Sunday Sermon for December 8, 2019, the Second Sunday of Advent, Year A

Readings: Is 11:1-10; Rom 15:4-9; Mt 3:1-12

In the Gospel reading today St. John the Baptist calls the people to repentance because “the Kingdom of God is at hand.”  This is the same message Jesus preached when He began His public ministry.  It is also the same thing we pray for every time we pray the Our Father and ask that His Kingdom come.  The fact that St. John the Baptist and Jesus were both preaching that the Kingdom of God was at hand tells us that it is already present.  At the same time, the fact that we continue to pray for the Kingdom to come tells us there is more coming than what is already here.

There are two senses in which this is true.  The first and most important is the interior sense.  Jesus explicitly told us that the Kingdom of God is within.  The more we grow in holiness, the more our soul becomes the Kingdom of God where the King reigns.  There is also an external sense where we will see the order of creation restored, as we hear about in the first reading.  The chaos we see around us today is caused by sin.  St. John the Baptist called upon the Pharisees and Sadducees to not only receive the baptism for the forgiveness of sins, but to “produce good fruit as the evidence of your repentance.” 

To have our sins forgiven is essential and it is a great gift from the Lord.  However, true repentance requires conversion, a change in the way we are living.  It is one thing to acknowledge our sins and confess them, it is entirely another thing to amend our lives so we stop offending God with our sins. 

Similar to the time of Jesus, Advent is a time of expectation.  Advent has us looking back to the first coming of our Lord in order to teach us how to prepare for His second coming.  In his letter to the Romans, St. Paul recounts the events of the Old Testament and reminds them: “Whatever was written previously was written for our instruction, that by the endurance and by the encouragement of the Scriptures we might have hope.”  When he wrote these words there was no New Testament.  Today we can apply these words to ourselves and include the events of both the New Testament as well as the Old.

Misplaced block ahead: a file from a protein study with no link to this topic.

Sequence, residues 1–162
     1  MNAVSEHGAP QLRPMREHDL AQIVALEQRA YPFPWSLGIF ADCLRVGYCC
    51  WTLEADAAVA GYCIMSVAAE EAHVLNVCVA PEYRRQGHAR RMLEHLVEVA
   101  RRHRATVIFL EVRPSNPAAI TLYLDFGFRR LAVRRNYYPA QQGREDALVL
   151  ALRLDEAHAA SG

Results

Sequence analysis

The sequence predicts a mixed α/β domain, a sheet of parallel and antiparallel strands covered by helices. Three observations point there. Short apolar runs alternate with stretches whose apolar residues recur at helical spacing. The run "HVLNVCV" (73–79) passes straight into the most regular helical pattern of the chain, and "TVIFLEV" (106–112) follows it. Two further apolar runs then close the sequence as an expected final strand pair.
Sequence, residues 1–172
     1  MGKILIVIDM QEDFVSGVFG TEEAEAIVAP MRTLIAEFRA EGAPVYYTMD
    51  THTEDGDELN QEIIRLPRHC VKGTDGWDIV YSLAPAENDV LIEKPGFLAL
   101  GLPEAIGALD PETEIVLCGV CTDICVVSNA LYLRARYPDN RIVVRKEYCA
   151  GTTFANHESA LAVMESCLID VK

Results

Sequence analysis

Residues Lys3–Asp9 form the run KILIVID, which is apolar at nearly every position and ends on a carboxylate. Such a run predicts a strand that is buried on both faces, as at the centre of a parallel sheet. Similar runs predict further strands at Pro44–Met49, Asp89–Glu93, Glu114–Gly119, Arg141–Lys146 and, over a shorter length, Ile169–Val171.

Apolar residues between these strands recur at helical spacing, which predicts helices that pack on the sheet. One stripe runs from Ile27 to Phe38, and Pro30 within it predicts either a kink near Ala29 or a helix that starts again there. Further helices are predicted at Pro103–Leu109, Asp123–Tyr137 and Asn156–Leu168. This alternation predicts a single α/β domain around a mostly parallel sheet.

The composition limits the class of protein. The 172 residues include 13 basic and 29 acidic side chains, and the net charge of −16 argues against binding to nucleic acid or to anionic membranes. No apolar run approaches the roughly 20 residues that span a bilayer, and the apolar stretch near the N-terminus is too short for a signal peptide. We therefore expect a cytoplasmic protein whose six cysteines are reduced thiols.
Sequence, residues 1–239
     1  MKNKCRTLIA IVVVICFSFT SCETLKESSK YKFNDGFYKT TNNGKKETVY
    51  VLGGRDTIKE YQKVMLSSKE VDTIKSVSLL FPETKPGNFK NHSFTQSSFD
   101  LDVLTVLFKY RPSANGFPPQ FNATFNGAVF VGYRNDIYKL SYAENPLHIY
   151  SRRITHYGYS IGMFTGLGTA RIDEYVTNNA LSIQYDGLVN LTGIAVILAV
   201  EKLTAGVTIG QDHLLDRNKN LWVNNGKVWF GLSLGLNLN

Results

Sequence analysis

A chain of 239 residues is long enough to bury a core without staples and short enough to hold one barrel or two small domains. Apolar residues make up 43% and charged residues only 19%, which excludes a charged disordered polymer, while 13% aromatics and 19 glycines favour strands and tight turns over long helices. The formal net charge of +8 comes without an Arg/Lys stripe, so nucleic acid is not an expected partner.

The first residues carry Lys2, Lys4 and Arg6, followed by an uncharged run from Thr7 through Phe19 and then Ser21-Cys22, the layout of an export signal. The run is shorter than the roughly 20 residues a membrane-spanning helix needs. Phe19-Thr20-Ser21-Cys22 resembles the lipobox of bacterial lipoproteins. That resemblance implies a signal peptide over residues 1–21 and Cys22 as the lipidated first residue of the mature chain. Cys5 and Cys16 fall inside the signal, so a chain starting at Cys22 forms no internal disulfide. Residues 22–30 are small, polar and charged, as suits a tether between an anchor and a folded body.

From the letters of St. Paul elsewhere in the Scriptures, we know that times of transition are difficult.  This is why St. Paul would refer to the endurance, the encouragement, and the hope.  We need endurance because things are going to take time.  We need encouragement because we may become discouraged.  We need hope because we may struggle with despair.  At the time St. John the Baptist was preaching, many people were despairing because the Romans occupied the Holy Land; Herod, a non-Jew, was the King; and it may have appeared that God had abandoned them.  It is amazing that in the midst of this chaos the Son of God was born into this world, that He walked among the very people who thought God had abandoned them, and that He died for our sins.

Recalling this pattern, we can know God is with us in the closest way, even if we do not perceive His presence.  He may choose to remain hidden for a long time before He reveals Himself in a most powerful manner.  In this way God will test our fidelity and reward those who love Him and remain faithful.  St. Paul tells us Jesus came to the Jews to show God’s truthfulness and to confirm the Patriarchs.  Every promise made by God will be fulfilled perfectly and completely.  This is what the Jewish people were called to see in Jesus.  St. Paul also says Jesus came so the Gentiles might glorify God for His mercy.  Upon His return, Jesus will reveal to everyone, Jew and Gentile alike, the truthfulness of God, and fulfill all the promises made in the Scriptures.  Everyone will see His glory and will glorify God.

This is what we are called to be doing already.  We who know Jesus are called to repent and show the evidence of our repentance through good works.  We are also called to make straight the way of the Lord in our hearts.  This requires removing the areas of sin and selfishness that prevent us from living as true citizens of the Kingdom of God. 

Advent is a time of expectation and, thereby, a time of preparation.  We need to prepare spiritually for Christmas, but more importantly, we need to prepare our hearts to receive our Lord and conform our lives to His will.  By our endurance, encouragement, and hope we will show the truthfulness of God, confirm His promises, and glorify Him for His mercy.

Fr. Altier’s column appears regularly in The Wanderer, a national Catholic weekly published in St. Paul, Minn. For information about subscribing to The Wanderer, please visit